Robyn Rihanna Fenty is the most prolific and successful pop singer of her generation. Over the course of seven albums (the first released when she was just 17), Rihanna has sparked up airwaves, dancefloors and bedrooms with her hyper-infectious mixture of R&B, dancehall and all-out pop.
As she gears up to release her eighth LP, it seems like a good time to look back at her greatest hits so far. Fresh from our countdowns of the best Eminem songs and the best Björk songs, here are the 20 best Rihanna songs: everything from her debut smash ‘Pon de Replay’ to her recent acoustic curveball ‘FourFiveSeconds’.
Scroll through our Top 20 countdown, and then vote for your favourite Rihanna song in our online ranker poll. It’s the least you can do to pay homage to the Bajan queen of pop.
The 20 best Rihanna songs
Built around a hefty sample from New Order’s ‘Blue Monday’ and boasting more car-based double entendres than Jeremy Clarkson on date night, this frothy pop song from Rihanna’s ‘Good Girl Gone Bad’ album is an underrated delight. When RiRi purrs, ‘My engine’s ready to explode, explode, explode!’ on the bridge, resistance is futile.
Fierce factor: Who else could brand herself a ‘fine-tuned supersonic speed machine’… and still sound cool?
Is this dirty dancehall ditty from Rihanna’s ‘Talk That Talk’ album her most shameless sex jam? Hmm… ‘Suck my cockiness, lick my persuasion.’ ‘I want you to be my sex slave.’ ‘I love it when you eat it.’ Those lines are all from the track’s first minute, so we’re going to say ‘yes’.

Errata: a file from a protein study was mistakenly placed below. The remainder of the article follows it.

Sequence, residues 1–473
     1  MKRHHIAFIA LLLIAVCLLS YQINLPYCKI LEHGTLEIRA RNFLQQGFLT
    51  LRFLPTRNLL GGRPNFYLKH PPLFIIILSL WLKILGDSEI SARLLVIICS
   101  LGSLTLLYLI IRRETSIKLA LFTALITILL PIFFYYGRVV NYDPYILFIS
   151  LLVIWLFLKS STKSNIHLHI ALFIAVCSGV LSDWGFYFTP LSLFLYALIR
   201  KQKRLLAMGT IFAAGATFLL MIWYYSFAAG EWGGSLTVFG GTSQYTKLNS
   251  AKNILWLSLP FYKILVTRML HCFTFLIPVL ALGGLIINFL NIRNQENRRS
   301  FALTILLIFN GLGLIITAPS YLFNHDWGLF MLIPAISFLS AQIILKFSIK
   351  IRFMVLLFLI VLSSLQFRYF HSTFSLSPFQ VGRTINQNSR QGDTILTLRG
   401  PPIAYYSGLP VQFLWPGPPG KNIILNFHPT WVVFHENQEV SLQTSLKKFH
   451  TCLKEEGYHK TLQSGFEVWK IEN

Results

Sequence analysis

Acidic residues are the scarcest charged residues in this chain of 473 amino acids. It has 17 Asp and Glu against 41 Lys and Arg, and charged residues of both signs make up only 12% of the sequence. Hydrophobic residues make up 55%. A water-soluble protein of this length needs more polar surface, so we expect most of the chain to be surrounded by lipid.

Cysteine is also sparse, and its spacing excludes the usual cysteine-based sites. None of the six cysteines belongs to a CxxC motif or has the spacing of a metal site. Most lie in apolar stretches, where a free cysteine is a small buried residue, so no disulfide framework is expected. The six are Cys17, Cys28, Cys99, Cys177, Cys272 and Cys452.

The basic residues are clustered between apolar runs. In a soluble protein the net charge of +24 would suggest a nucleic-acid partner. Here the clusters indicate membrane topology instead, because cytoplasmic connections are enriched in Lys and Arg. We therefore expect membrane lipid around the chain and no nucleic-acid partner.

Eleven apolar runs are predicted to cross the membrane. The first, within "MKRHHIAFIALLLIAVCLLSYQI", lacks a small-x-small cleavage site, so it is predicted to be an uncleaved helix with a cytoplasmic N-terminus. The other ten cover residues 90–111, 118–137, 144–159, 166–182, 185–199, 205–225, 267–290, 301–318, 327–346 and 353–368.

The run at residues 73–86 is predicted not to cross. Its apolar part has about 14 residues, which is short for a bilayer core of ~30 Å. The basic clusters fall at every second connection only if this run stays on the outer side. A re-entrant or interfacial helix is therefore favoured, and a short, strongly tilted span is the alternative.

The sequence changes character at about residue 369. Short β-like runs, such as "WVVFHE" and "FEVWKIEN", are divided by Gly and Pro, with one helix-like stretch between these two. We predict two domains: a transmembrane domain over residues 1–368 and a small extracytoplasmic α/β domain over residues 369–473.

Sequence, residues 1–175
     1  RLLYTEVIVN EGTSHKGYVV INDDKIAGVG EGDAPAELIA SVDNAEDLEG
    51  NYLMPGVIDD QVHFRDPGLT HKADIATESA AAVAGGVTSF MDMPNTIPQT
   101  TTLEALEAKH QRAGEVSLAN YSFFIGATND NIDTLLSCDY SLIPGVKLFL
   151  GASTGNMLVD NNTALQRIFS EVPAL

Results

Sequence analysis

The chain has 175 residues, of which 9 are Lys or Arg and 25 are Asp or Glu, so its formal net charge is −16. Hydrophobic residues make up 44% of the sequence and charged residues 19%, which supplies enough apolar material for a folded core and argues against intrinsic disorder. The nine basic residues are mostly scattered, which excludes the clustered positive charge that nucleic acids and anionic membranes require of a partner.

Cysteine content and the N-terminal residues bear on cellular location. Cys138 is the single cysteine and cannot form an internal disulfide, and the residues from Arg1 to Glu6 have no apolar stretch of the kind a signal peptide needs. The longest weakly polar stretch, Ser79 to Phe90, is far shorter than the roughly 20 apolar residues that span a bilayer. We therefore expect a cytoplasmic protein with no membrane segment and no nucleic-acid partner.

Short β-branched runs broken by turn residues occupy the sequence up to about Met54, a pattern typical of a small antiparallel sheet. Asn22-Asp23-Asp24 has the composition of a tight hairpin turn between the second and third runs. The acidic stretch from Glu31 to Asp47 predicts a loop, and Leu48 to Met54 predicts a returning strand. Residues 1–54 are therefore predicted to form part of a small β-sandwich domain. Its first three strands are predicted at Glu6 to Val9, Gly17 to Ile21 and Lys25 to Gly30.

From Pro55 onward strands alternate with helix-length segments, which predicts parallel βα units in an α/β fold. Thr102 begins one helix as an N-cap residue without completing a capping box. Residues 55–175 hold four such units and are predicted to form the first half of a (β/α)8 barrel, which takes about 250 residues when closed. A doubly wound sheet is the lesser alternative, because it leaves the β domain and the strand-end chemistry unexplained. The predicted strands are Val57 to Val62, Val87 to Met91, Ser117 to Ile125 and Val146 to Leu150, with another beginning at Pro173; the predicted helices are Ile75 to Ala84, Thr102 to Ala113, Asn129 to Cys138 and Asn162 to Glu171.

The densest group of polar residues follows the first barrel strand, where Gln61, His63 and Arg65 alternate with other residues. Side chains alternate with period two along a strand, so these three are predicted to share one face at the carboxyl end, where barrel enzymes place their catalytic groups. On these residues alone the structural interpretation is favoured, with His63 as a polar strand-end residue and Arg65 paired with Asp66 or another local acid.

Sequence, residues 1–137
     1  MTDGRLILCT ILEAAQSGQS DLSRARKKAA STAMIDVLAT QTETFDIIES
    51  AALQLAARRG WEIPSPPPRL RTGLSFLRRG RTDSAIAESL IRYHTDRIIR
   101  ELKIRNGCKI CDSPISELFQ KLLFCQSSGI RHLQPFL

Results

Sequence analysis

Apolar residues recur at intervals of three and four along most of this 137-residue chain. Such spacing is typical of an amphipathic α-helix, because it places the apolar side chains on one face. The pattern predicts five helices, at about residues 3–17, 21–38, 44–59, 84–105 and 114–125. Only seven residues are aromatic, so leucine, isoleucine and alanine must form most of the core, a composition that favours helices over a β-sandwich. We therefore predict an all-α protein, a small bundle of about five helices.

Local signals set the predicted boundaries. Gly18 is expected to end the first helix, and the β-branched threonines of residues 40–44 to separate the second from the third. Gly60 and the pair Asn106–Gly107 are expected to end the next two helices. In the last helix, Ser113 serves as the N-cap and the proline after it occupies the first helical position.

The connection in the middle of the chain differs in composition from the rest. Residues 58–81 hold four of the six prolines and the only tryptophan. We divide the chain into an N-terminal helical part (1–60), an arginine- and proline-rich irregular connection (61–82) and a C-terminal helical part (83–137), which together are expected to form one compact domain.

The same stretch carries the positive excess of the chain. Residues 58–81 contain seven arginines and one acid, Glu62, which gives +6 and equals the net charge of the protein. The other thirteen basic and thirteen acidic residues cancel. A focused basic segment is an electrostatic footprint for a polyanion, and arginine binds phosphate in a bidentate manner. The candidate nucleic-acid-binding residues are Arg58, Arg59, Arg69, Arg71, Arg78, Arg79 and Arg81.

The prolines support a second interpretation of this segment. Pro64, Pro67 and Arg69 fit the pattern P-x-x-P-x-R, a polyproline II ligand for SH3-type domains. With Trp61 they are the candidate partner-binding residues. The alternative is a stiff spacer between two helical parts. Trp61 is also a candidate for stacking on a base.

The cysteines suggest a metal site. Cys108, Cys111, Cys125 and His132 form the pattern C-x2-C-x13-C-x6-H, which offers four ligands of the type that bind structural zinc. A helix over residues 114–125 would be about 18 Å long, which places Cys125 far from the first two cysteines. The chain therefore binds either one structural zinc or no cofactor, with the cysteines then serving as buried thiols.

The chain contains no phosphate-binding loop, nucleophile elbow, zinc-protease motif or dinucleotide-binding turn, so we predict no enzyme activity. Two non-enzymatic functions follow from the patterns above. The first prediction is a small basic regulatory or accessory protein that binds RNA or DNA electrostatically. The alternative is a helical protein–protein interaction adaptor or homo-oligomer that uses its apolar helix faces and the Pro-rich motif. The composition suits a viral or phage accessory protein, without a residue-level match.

Fierce factor: ‘She may be the queen of hearts,’ Rihanna sings on the first verse, ‘but imma be the queen of your body parts.’
When Rihanna dropped this surprise collaboration with Kanye West and Paul McCartney in January, it felt like a throwaway. But over the last few months, ‘FourFiveSeconds’ has proved a real grower; Ri’s rough-and-ready vocals and the campfire-style chorus sound more classic with every listen. Though we’re still not entirely sure how it took nine – yes, nine – people to write it.
Fierce factor: Girl’s got Yeezy and Macca on her track, what more do you want?
Released in the wake of her assault by then boyfriend Chris Brown shortly before the 2009 Grammys, ‘Rated R’ remains Rihanna’s darkest and most visionary album. This horn-fuelled hip hop stomper is a highlight, with the singer declaring herself ‘the hottest bitch in heels’ over beats that could scare a newborn kitten.
Fierce factor: Literally nothing about ‘Hard’ isn’t 100 percent fierce, tbh.